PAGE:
Q&A: Alita Kelly

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"It all starts with knowing better, then doing better."

South East Market is more than a market—it's a mission.

The new Grand Rapids store goes beyond the usual grocery store, fighting for a better world. They're starting with food justice, working to reduce disparities for underserved populations, especially in the highly diverse 49507 ZIP code.

Co-founders Alita Kelly and Khara DeWit share a passion for equity and want to work with the community to use South East Market as a tool for change. With the help of intern and grocery associate Angela DeHaan, they're also focused on sustainability—connecting with local growers, logging all food waste, and composting most of it.

We talked with Kelly about what South East Market is all about.

How did South East Market come about? What's your main goal?

The idea came about from my lived experience with food apartheid in Grand Rapids. I had bigger, better dreams for our city and how we respond to the chronic and well-documented experience many have here, living without adequate access to food and other resources. The goal is to empower our neighbors by increasing access to healthy food.

At the same time, we are increasing access to local brands and food from local farms led by people that look like them. There are some major inequities in food when it comes to who has the resources to grow food or operate a food business.

By creating an intentional community at South East Market, we hope to show people it's OK to be unapologetic about the just future we want to see, and most importantly, we can make it happen through grassroots organizing. Our market is only possible through all of the people who donated money, put in sweat equity or advocated for us in tangible ways. We're honored to do this work WITH our community.

Tell us about the Pay It Forward campaign.

Pay It Forward is a fund any person or entity can donate to. We use those dollars to sell all of our high-quality, local meat at cost to the customer. We also use these dollars to reduce the cost of produce from local, Black organic farms. Everyone that shops at the store benefits from this program if they purchase these products. There are typically humiliating processes to go through to benefit from food programs. Since everyone benefits from this, we encourage people who are able to pour back into PIF to do so when able.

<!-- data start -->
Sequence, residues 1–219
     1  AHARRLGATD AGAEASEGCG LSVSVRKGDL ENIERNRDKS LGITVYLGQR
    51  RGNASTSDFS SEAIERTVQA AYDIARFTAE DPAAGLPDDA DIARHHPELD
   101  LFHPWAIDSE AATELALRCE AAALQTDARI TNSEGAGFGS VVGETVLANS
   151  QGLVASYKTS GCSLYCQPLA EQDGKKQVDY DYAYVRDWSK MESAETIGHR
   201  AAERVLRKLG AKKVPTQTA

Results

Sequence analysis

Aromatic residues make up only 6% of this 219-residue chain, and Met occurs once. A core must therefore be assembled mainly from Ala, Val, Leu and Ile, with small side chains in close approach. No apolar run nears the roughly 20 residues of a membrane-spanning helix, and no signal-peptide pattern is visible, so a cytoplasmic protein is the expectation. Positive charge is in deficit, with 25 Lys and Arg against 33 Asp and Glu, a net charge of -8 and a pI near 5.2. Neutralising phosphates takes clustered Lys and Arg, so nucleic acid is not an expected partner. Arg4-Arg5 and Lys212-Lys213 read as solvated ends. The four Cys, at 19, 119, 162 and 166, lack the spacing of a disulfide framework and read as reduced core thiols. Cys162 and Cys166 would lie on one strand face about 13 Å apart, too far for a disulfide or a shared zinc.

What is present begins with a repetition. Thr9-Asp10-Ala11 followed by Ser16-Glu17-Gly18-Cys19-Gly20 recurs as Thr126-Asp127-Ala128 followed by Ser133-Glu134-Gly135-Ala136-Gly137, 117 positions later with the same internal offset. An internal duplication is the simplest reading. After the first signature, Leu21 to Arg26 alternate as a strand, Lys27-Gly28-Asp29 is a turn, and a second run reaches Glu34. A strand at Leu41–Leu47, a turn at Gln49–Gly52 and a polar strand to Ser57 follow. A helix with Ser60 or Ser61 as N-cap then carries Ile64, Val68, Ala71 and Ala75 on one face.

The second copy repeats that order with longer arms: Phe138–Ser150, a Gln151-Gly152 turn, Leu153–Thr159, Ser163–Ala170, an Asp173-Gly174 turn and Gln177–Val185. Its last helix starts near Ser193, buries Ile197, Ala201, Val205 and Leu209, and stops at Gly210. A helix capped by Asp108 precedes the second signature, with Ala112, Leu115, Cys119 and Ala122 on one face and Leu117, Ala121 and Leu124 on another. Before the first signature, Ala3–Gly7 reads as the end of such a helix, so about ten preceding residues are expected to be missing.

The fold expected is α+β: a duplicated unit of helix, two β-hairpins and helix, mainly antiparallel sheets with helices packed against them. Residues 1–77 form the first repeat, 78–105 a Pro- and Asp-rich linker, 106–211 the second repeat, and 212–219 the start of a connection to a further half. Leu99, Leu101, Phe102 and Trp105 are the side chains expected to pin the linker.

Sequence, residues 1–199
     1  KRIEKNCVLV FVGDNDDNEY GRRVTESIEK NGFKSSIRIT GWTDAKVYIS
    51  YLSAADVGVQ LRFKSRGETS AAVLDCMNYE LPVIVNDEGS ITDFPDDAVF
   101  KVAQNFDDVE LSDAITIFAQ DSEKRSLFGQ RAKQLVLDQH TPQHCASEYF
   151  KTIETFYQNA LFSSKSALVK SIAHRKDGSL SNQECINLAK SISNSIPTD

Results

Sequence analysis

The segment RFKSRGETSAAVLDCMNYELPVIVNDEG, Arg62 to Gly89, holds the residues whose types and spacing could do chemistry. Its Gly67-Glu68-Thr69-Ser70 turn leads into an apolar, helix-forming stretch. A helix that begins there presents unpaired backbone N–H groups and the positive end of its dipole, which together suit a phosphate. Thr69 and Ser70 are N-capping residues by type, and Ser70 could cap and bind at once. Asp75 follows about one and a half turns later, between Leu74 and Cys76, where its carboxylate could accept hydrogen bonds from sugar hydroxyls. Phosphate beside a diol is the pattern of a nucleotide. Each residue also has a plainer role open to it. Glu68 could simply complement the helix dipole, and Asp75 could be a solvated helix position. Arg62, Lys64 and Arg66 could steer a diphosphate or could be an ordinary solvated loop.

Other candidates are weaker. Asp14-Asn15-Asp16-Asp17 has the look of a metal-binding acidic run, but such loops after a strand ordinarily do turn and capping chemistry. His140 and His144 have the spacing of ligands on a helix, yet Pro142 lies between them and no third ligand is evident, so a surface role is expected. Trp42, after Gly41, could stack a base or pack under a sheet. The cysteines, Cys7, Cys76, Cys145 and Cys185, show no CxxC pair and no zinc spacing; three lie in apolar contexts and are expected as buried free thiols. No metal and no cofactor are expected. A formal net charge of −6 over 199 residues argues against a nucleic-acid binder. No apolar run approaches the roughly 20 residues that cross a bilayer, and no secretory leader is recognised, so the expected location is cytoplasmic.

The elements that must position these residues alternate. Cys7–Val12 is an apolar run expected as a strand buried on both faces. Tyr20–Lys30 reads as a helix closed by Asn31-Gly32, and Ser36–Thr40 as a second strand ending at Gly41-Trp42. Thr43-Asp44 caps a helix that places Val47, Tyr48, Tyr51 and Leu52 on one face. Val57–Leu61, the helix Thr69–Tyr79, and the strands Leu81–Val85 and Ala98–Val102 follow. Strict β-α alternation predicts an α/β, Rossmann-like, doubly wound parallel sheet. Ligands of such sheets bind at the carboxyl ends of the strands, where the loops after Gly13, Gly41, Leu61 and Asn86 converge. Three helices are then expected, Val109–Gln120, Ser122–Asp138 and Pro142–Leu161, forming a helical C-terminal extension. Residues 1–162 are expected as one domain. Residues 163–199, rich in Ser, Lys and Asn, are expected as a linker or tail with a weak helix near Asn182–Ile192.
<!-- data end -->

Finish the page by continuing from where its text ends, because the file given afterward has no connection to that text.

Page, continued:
What kind of products does the market offer?

We have a little bit of everything! Local produce, baked goods, meat, dairy, etc. Some of my market favorites are blue new potatoes, lacinato kale, Zingerman's goat cheese spread, and Rakowski eggs. Sounds like a quiche combination I should make!

What are your hopes for the future?

We've got some fun projects in the works now that we can't wait to share with everyone but my hope for our community is to realize how powerful we are when we unite around principles of justice and equity. Food is one way to do it, but it all starts with knowing better, then doing better. One step at a time is all it takes.

Written by Josh Veal, Contributing Writer for West Michigan Woman.

This article originally appeared in the Apr/May 2021 issue of West Michigan Woman.


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